News Release

Engineers develop new device to cool chips at the micro scale

San Diego, Calif., April 18 -- Engineers at the University of California, Berkeley and the University of California, San Diego, have built a novel evaporator structure that can cool chips with micro scale features. The structures are built on silicon chips for direct incorporation into electronics.

Ph.D. student Lilla Safford Smith presented her work recently at the PowerMEMS 2013 conference in London. Safford Smith, who is based at UC Berkeley, is part of the research group of Albert Pisano, dean of the Jacobs School of Engineering at UC San Diego and a professor of mechanical and electrical engineering.

Safford Smith also presented her research at the Jacobs School’s Research Expo April 17 on the UC San Diego campus.

“The idea behind this project is to use liquid, in this case de-ionized water, to absorb the heat produced by any kind of device, then evaporate the liquid to dissipate heat,” Safford Smith said. Keeping electronics cool has become increasingly challenging as transistors are getting smaller—and hotter.

The evaporator is built into a chip using traditional manufacturing techniques, such as photolithography and deep reactive ion etching (DRIE). It is made of silicon, with structures shaped like stone pillars that are 25 microns high, 10 microns thick and 10 microns across.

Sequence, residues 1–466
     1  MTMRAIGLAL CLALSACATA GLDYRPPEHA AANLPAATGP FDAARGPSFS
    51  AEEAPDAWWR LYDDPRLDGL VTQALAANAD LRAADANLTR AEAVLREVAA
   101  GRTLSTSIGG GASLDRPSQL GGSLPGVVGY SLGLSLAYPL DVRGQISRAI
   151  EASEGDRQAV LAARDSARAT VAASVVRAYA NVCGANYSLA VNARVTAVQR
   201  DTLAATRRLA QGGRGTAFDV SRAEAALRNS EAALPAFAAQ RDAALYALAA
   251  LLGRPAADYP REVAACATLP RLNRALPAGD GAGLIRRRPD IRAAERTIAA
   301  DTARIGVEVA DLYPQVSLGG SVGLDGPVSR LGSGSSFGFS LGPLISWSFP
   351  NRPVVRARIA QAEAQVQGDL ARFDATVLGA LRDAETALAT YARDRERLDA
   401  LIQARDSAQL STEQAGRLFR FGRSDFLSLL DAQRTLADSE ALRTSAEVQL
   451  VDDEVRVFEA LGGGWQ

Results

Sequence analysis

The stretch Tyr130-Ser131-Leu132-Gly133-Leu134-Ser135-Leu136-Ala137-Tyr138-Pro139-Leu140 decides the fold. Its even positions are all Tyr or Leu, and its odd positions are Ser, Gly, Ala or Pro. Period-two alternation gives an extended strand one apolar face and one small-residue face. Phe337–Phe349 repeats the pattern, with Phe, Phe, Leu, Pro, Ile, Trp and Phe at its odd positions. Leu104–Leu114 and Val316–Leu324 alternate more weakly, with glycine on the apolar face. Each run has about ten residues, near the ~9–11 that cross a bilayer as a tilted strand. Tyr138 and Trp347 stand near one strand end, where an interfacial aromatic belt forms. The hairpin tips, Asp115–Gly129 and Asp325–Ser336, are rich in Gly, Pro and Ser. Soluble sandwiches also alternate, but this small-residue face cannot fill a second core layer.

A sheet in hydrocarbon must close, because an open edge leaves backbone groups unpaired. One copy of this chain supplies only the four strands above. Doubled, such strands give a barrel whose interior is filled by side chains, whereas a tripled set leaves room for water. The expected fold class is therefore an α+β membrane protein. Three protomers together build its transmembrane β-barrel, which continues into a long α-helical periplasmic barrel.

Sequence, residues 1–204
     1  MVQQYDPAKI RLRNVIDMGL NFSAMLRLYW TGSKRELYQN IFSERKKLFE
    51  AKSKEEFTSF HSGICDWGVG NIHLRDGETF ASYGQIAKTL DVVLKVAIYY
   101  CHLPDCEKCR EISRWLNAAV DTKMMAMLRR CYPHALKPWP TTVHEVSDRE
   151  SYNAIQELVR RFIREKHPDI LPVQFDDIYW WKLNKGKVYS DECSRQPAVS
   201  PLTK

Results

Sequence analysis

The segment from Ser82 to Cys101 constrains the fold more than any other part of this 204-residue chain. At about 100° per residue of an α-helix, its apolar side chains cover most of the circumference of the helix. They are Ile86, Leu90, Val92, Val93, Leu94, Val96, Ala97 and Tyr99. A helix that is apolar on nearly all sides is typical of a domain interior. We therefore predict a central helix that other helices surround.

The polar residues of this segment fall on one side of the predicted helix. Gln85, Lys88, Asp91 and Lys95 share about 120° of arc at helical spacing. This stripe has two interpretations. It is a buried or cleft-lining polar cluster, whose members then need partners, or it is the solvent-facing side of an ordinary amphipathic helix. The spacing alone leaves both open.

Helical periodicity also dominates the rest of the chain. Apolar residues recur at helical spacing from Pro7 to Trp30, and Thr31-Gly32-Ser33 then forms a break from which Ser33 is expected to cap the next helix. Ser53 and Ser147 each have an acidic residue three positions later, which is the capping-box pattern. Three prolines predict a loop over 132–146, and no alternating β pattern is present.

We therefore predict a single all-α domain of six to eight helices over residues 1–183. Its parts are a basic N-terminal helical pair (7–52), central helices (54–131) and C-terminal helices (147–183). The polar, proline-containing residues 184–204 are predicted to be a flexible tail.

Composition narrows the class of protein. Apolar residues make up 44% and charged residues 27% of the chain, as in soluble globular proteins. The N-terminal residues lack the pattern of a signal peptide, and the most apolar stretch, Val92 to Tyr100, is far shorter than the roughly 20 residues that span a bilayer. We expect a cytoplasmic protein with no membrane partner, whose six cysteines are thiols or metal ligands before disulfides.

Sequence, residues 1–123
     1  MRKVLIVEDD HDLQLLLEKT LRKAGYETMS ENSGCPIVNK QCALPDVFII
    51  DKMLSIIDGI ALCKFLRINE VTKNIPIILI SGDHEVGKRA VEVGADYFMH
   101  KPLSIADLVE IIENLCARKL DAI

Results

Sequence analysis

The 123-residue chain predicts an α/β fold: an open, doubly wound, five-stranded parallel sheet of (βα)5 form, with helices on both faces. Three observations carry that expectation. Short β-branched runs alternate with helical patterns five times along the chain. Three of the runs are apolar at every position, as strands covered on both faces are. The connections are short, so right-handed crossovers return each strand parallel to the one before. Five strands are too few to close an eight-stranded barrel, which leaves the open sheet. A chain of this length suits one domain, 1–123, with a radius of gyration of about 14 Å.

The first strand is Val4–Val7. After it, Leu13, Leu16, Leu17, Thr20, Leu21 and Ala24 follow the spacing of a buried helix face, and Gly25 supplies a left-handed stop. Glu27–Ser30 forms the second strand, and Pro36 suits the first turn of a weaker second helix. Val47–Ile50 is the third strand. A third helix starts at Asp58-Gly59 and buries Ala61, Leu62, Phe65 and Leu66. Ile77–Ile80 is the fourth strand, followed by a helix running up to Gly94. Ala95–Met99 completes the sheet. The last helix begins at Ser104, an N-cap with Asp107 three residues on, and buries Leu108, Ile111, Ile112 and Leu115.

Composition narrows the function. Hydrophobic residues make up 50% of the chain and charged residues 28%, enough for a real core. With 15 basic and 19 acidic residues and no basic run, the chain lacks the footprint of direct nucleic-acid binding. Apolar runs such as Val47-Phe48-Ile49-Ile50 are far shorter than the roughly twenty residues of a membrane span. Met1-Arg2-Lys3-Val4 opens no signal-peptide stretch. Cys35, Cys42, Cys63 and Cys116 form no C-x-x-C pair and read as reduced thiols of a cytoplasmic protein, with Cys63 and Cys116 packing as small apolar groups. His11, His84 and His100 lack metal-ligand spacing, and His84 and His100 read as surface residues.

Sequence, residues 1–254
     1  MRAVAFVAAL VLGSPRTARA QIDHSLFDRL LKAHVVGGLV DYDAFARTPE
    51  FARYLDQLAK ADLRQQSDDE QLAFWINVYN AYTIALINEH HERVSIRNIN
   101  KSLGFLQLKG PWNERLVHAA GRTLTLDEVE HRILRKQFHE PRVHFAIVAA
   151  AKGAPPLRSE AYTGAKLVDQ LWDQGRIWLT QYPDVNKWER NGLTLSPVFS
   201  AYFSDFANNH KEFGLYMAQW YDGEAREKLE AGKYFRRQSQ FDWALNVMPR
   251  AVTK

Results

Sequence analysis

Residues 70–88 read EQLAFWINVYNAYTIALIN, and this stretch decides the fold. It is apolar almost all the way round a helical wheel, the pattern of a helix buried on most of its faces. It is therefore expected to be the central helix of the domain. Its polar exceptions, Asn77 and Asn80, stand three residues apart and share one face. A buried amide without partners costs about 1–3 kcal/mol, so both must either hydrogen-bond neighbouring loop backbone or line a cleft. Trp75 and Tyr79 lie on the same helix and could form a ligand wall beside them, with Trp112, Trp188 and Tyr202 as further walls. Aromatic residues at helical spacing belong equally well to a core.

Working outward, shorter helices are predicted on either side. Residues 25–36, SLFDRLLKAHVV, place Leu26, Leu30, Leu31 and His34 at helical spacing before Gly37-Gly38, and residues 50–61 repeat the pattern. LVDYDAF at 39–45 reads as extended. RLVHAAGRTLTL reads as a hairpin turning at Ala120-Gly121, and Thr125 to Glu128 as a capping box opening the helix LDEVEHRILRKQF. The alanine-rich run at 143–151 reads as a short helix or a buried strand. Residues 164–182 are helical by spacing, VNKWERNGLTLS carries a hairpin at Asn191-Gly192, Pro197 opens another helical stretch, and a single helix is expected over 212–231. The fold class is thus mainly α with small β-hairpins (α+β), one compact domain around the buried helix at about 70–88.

The evaporator’s essential function is to ensure that a thin film of de-ionized water used to cool the chip remains the right size. The thinner the film of liquid, the more it evaporates, but if it is too thin, it can't evaporate and becomes ineffective.

The evaporators are placed over tiny—five millimeters by five millimeters—powerful heaters that heat up the water on the chip to just above its boiling point—102 to 110 degrees Celsius—215 to 230 degrees Fahrenheit. The water slowly undergoes a change of state, from liquid to gas, and evaporates.

The next step in the research is to incorporate the evaporator into a system with a wick as a pump that will allow the water to circulate to and from the hottest areas on the chip, making a completely passive thermal management device.   

Media Contacts

Ioana Patringenaru
Jacobs School of Engineering